Sunday, November 23, 2008

Socialism and Medicine

If the financial popularity of Michael Moore’s latest “documentary,” called Sicko, is an indication of popular sentiment in this country, then the United States seems to be ready for what once was called socialized medicine, but today is better known as “single-payer medicine.” All of the candidates running for the Democratic nomination for president of the United States this year promised programs similar to what exists in countries such as Canada, France, and Great Britain. The Republicans are promising “socialism lite.” Both parties promise that the government will be paying much, much more.

Any discussion of medical care and its availability can stir emotions like nothing else. Any time I write on this subject in a public venue, I am assured of receiving strong hate mail from people who are convinced that I want only the rich to receive health care. Other people try to defend what exists in the United States today, which is not easily defended, at least not from a free-market point of view.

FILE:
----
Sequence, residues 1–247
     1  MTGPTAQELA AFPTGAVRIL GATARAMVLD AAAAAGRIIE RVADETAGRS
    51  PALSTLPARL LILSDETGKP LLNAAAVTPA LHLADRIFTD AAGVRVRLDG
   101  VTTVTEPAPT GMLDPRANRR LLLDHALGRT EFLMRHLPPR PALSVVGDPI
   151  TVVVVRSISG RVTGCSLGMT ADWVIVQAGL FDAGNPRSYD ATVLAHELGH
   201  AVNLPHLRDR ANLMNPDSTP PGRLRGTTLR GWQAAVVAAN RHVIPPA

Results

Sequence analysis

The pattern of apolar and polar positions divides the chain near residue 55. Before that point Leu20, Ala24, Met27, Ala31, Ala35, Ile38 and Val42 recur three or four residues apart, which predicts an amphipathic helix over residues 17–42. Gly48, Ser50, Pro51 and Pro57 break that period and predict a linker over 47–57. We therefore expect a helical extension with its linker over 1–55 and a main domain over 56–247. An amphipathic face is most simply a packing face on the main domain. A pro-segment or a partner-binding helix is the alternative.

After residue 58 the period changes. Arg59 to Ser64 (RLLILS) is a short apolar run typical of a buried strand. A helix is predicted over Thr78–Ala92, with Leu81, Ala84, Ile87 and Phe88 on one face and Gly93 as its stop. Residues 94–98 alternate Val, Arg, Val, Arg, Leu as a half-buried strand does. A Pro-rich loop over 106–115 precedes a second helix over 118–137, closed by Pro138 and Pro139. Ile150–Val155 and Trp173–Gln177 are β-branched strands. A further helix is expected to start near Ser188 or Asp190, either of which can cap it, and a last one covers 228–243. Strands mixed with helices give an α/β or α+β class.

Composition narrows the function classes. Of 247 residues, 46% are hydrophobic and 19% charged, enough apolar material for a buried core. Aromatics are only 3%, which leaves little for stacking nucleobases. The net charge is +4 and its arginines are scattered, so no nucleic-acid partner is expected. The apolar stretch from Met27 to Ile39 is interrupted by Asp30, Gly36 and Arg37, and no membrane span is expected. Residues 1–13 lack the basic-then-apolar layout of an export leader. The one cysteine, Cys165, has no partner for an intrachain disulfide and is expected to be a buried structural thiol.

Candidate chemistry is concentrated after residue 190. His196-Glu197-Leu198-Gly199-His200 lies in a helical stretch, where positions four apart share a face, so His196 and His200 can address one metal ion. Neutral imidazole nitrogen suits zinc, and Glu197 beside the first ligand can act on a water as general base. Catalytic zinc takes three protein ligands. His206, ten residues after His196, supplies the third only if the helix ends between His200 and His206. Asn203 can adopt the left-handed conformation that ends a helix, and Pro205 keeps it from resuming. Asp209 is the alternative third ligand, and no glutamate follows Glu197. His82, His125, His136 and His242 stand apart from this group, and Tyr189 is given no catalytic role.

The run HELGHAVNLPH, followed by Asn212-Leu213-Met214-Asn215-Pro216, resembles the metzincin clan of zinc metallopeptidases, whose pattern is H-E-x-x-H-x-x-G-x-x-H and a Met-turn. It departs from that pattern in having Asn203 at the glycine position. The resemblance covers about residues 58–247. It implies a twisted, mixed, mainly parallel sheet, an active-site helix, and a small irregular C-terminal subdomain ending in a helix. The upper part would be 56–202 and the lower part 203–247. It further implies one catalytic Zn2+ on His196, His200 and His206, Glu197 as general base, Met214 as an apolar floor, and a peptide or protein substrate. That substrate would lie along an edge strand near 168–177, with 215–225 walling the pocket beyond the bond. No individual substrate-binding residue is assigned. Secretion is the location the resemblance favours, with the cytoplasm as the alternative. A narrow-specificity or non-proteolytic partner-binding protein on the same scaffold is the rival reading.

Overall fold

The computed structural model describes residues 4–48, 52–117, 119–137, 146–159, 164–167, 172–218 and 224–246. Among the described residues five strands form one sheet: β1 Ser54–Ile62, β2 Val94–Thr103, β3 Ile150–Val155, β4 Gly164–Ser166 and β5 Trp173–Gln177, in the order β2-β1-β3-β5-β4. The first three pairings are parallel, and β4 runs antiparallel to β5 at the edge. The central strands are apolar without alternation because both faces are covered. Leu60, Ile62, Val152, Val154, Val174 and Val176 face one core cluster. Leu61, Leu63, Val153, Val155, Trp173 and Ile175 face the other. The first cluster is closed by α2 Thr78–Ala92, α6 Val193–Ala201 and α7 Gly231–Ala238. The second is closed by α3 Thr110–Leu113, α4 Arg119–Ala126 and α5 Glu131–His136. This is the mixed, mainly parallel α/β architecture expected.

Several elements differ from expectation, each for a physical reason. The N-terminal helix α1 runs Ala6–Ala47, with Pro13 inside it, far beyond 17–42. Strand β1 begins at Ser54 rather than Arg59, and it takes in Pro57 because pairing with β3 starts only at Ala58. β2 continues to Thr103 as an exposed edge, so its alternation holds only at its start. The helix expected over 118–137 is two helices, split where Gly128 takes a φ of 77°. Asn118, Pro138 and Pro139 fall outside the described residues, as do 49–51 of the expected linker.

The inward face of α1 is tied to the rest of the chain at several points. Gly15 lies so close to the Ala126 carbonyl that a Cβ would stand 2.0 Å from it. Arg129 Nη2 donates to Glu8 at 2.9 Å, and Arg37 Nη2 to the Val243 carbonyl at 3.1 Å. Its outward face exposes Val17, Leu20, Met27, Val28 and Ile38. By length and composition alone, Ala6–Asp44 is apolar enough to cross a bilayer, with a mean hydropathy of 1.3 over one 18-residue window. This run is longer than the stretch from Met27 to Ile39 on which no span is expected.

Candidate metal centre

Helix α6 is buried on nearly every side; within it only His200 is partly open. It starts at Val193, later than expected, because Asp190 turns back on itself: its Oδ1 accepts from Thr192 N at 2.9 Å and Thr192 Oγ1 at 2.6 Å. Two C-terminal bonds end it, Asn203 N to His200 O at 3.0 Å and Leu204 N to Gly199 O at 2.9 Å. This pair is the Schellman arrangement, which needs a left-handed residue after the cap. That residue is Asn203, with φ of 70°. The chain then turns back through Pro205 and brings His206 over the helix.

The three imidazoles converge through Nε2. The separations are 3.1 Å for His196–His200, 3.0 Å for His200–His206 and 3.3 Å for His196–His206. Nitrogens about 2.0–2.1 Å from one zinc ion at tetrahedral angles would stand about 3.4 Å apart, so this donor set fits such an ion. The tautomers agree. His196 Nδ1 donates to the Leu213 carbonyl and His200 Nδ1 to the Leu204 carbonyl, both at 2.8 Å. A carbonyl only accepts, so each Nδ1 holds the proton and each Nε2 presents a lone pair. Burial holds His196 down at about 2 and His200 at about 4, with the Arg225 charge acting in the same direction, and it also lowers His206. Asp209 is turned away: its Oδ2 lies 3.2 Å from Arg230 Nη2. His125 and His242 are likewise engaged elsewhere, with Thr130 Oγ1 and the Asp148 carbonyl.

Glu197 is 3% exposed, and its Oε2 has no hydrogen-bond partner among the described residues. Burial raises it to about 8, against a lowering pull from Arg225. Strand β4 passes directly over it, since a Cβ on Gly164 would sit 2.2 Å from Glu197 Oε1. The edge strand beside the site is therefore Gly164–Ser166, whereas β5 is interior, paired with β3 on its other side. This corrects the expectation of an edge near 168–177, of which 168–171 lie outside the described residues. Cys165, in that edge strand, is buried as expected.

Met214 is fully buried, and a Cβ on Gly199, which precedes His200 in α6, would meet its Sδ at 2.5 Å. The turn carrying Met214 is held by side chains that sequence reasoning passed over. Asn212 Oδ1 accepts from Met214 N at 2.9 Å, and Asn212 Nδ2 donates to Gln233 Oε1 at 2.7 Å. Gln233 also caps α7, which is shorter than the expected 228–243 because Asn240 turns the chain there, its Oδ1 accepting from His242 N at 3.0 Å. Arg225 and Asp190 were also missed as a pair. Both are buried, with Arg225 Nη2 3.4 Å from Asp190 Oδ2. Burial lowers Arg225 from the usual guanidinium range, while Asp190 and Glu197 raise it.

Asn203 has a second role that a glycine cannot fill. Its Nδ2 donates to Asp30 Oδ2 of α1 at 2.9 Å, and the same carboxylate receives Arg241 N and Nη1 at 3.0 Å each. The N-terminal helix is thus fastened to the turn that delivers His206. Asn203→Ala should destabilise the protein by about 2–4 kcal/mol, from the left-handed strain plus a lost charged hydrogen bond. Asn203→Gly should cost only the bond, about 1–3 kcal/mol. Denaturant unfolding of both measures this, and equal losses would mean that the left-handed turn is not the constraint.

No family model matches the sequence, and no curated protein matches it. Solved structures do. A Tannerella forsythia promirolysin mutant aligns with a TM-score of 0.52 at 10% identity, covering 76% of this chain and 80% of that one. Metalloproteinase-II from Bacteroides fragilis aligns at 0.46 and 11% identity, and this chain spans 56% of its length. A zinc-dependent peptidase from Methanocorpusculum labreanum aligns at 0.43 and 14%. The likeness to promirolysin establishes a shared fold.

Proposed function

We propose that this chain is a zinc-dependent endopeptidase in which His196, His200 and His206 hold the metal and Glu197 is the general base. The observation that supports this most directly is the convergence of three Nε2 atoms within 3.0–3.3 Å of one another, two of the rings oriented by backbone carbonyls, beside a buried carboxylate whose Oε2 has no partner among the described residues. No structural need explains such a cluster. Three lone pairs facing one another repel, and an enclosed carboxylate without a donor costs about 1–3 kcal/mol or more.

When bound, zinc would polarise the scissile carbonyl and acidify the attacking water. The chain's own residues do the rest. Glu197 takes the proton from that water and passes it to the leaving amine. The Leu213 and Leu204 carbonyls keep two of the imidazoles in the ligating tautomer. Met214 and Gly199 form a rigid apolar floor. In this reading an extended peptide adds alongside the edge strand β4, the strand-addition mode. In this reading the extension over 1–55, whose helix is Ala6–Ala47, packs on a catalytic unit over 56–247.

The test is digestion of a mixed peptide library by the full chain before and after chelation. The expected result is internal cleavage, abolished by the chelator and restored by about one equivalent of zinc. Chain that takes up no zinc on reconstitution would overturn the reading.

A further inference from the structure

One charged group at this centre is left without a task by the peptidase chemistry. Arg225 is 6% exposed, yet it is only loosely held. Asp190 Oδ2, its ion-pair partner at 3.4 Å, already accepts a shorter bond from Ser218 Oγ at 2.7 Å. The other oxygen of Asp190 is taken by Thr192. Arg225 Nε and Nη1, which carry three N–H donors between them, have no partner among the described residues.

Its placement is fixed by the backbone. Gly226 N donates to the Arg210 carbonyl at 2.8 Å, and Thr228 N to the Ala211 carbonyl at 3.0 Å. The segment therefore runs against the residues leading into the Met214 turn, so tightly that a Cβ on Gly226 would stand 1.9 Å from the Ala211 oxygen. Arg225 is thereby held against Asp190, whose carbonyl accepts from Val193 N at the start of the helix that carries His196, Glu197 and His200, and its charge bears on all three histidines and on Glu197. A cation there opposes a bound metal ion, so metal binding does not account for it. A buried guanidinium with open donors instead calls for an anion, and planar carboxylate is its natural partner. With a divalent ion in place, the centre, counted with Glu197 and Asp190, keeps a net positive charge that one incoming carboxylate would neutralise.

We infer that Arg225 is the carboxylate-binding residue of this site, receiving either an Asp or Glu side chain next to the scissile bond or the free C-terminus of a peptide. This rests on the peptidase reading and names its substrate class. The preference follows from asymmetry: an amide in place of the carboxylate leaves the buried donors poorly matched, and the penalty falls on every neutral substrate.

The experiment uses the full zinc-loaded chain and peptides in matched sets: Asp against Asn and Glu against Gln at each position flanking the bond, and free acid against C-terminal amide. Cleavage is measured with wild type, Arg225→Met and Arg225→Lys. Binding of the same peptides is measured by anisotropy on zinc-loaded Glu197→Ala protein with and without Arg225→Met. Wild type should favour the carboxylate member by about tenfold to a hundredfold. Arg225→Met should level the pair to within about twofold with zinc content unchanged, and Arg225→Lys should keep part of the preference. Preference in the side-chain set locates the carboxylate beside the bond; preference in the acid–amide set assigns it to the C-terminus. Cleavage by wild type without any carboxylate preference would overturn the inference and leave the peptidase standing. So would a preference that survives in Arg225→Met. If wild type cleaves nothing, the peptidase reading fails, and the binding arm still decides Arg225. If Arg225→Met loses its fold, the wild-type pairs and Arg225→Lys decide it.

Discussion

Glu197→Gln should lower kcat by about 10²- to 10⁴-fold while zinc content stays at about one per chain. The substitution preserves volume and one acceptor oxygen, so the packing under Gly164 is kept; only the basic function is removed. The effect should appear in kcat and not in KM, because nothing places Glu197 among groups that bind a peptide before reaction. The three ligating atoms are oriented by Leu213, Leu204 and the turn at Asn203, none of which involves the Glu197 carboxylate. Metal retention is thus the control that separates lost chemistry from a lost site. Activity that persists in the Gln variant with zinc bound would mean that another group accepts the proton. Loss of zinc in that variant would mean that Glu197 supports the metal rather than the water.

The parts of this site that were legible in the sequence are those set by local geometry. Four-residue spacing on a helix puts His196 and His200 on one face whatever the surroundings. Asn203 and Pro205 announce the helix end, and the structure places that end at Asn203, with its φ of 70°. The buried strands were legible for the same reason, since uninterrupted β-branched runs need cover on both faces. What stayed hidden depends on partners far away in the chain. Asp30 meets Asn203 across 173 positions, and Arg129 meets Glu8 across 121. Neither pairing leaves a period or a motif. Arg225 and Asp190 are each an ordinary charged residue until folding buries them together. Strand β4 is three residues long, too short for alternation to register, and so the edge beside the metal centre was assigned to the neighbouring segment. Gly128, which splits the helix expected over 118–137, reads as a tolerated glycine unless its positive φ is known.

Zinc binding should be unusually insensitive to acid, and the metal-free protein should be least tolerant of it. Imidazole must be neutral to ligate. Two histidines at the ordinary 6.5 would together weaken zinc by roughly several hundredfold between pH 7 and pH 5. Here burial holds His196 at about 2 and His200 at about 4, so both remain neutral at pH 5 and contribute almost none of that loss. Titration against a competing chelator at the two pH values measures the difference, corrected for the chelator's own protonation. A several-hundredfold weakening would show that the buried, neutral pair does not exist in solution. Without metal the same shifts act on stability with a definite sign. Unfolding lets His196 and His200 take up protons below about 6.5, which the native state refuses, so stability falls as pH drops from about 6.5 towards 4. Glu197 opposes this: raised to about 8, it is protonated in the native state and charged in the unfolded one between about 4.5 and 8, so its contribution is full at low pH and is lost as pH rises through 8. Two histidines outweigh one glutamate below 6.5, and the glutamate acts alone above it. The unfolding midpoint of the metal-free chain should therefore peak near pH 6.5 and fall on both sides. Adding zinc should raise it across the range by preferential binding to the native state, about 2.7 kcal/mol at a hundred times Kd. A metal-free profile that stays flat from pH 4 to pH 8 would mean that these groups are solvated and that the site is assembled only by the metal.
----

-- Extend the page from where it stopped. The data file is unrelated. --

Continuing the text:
As I see it, the subject of medical care is extremely complex, not because of the nature of health care, but rather because of the vast number of government regulations and policies that already govern what currently exists. Government intervention into nearly every aspect of our lives is so common that people often lose sight of how things would operate absent the intervention. Furthermore, people seem to be convinced that government really is the answer when it comes to medical care.

Since the country seems to be barreling headlong to full government-run medical care, I find it necessary both to explain why such a system is and will continue to be disastrous, resulting in costly, substandard care, and to explain the virtues of something that no longer exists in this country: free-market health care. It does no good to criticize the former but ignore the latter, especially since most people are led to believe that the current system of intervention plus “private” employer-based health insurance somehow is free-market medicine. Nothing could be further from the truth, but since there are few people speaking up for free markets these days, we should not be surprised when people confuse a thoroughly interventionist market with free exchange.